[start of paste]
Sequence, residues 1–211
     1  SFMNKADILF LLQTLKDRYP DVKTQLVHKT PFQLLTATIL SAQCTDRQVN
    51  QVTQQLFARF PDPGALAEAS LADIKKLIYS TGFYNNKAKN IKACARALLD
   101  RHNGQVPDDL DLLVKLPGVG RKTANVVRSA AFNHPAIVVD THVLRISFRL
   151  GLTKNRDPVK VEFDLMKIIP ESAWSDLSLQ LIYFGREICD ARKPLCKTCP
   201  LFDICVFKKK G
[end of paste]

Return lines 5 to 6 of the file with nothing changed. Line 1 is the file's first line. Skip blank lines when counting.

   151  GLTKNRDPVK VEFDLMKIIP ESAWSDLSLQ LIYFGREICD ARKPLCKTCP
   201  LFDICVFKKK G